About this Research Topic
Cardiovascular Disease (CVD) is the number one killer in the United States. One of the major factors responsible for CVD is myocardial infarction (MI; aka Heart Attack), which occurs due to the blockade of coronary arteries leading to heart failure. Although pharmacological and surgical treatments are available to improve the heart function, none of these treatments can replace or regenerate the damaged cardiomyocytes in the heart post-MI. The adult heart is composed of cardiomyocytes that have very low or limited capability to regenerate after a MI. Therefore, cell-therapy or cellular cardiomyoplasty is rapidly growing as a potential gateway to repairing and regenerating damaged heart tissue.
It has been more than two decades since various adult stem cells have been tested in the clinic for cardiac repair. Since then, only modest improvements in cardiac function following stem cell transplantation have been noted and the improvements were attributed mostly due to the paracrine factors released by the stem cells. The major impediment to cell therapy for ischemic heart failure is due to poor survival of transplanted stem cells in the ischemic heart. Most recently, biomaterials like hydrogel, fibrin and nanofiber scaffolds have been used to improve the transplanted cell survival in the ischemic heart. However, there is an unmet need to improve the biological properties of these biomaterials to match the mechanical properties of the heart and prevent host-tissue inflammatory response.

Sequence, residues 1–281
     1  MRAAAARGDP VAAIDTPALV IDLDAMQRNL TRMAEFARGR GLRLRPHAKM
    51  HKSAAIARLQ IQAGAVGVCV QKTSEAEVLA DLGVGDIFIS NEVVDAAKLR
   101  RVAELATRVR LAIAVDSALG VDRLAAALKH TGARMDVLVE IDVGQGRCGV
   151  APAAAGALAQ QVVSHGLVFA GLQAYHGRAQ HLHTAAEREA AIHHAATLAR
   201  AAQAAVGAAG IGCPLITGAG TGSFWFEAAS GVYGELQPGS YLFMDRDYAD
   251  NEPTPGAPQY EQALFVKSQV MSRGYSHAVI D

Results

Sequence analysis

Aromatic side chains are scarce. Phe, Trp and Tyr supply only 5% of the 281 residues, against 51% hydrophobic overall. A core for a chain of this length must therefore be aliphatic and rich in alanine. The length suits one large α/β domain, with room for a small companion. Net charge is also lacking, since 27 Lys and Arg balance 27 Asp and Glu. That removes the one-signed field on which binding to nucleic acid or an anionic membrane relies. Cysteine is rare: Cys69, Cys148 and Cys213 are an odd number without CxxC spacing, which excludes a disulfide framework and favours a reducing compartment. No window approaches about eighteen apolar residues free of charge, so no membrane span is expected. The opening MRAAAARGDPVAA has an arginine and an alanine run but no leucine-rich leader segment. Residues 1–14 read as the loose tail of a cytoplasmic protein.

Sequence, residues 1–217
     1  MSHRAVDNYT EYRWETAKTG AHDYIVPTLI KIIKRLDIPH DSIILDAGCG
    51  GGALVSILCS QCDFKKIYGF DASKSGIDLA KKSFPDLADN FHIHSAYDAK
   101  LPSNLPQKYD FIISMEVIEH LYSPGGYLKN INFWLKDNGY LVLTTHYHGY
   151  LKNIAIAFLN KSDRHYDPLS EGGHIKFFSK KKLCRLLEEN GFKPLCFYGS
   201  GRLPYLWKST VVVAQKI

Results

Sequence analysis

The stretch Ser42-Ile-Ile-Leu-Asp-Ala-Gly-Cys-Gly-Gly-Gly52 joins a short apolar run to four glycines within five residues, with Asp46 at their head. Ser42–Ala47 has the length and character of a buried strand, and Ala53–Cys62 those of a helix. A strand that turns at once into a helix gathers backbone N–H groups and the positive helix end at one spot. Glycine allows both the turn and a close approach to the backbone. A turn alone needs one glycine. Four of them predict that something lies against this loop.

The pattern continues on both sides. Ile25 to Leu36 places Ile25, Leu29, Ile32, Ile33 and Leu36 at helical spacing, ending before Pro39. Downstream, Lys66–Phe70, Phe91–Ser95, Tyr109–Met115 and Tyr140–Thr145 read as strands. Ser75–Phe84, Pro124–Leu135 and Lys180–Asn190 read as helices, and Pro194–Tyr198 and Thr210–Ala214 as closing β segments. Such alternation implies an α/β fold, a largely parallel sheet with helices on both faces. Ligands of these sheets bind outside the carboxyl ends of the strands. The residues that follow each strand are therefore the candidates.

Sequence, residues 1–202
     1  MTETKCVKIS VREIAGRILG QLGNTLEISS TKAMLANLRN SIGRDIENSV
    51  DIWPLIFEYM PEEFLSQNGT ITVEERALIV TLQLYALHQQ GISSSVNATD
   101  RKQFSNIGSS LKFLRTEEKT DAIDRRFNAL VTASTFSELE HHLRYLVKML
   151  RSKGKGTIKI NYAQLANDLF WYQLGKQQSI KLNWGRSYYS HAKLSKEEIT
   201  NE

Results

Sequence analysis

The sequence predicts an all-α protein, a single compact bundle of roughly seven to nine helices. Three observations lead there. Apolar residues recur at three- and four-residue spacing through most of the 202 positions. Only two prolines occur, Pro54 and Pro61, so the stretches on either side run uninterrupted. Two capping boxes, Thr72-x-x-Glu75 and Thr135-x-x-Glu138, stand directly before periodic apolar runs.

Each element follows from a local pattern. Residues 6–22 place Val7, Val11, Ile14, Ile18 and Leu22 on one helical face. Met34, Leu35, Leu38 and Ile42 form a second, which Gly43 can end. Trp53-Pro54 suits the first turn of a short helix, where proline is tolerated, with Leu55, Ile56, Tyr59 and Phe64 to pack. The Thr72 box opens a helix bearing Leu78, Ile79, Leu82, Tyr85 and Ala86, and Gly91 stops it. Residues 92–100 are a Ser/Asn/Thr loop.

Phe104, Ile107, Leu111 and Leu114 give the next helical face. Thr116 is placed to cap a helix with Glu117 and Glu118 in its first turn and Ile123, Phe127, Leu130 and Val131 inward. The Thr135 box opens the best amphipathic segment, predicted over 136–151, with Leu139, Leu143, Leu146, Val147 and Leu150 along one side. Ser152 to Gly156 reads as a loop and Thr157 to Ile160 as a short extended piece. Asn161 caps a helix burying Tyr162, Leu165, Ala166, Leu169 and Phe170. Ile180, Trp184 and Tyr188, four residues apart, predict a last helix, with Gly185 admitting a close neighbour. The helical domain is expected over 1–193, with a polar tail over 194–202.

Due to the growing challenges with cellular therapy, recent focus has shifted towards acellular or cell-free therapy. A growing body of evidence demonstrates that exosomes/extracellular vesicles released by the stem cells are involved in cell-cell communication and has a great potential to repair the damaged heart and promote angiogenesis. Indeed, therapeutic angiogenesis that promotes blood vessel formation has been proved to be a unifying strategy for all these regenerative methods, where the newly generated cardiomyocytes need a new source of oxygenated blood. Moreover, exosomes have been shown to carry angiogenic factors that can promote new blood vessel formation. However, a major challenge remains as to purify and identify novel signaling molecules in these exosomes’ cargo.
The main theme of this Research Topic is to address current paradigms in stem cell-based exosomes for therapy and strategies to promote angiogenesis in the ischemic heart. We would like to invite you to submit original research and review articles. Potential topics include, but are not limited to:
• Stem cells
• Exosomes/Extraceullar vesicles
• Cardiac repair
• Paracrine signaling
Keywords: stem cells, exosomes, angiogenesis, cardiac repair, paracrine
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